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C4iSR: Maritime

Israeli Navy close to completing radar upgrades for ships

18 February 2020
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INS leads another Sa’ar 5 fitted with the ALPHA radar during Exercise ‘Mighty Waves’ in August 2019. They are followed by the French frigate. Source: Jack Guez/AFP/Getty Images

The Israeli Navy is set to complete all radar upgrades on its Sa'ar 4.5 and Sa'ar 5 ships in less than a year, a senior naval official has told Jane's .

The navy is currently upgrading its Sa'ar 4.5s with the IAI Elta ELM-2258 Advanced Lightweight Phased Array (ALPHA) radar. This is an active electronically scanned array (AESA) S-band system with a rotating antenna that was designed for the relatively small ships.

Two of the three Sa'ar 5 corvettes are also receiving the ALPHA. One was seen with the new radar during Exercise 'Mighty Waves' in August 2019.

The third Sa'ar 5, INS Lahav , has already been fitted with the larger ELM-2248 MF-Star radar, providing a testbed for the systems that will be installed on the new Sa'ar 6 ships being built in Germany. The senior officer said this radar might be swapped for an ALPHA, but a final decision has yet to be taken.

"We will soon complete the ALPHA installations. This will give us an ability to deal with very complex aerial threats and to view them in high resolution, distinguishing between all sorts of targets," the source said.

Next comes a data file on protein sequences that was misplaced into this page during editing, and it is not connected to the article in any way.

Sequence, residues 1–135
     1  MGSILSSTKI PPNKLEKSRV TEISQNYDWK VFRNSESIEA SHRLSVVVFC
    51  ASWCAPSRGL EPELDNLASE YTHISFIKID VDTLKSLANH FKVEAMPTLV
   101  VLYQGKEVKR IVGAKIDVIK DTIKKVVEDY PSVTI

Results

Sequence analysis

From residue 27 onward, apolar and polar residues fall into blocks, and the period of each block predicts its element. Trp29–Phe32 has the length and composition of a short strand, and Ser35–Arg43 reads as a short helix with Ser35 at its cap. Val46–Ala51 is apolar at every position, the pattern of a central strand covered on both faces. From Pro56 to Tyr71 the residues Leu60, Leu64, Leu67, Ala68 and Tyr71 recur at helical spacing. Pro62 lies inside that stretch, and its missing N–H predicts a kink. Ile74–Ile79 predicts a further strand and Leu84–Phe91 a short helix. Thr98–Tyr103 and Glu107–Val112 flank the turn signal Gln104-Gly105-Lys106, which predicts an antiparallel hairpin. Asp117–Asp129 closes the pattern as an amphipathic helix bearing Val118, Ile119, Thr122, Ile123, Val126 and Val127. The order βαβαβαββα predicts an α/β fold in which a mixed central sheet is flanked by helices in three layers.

Meanwhile, personnel from the navy's Weapons Systems Department are working to make the radar cross section of the Sa'ar 6 ships "as small as possible", the source said.

This effort is informed by the navy's ongoing threat assessment, which views the proliferation of advanced coastal anti-ship missiles as a significant threat. Syria has Russian-made Yakhont supersonic anti-ship missiles that are launched by its Bastion coastal systems, while Iran has been transferring anti-ship missiles to militant groups, including the Lebanese Hizbullah.

"It has changed the rules of the game," the source said, referring to the missile proliferation. "The navy used to train for navy-to-navy battles. That is still seen as very significant scenario, but now, because there are many shore-to-sea missiles spread out in all sorts of countries in the area, an [enemy] organisation does not need to maintain a fleet."

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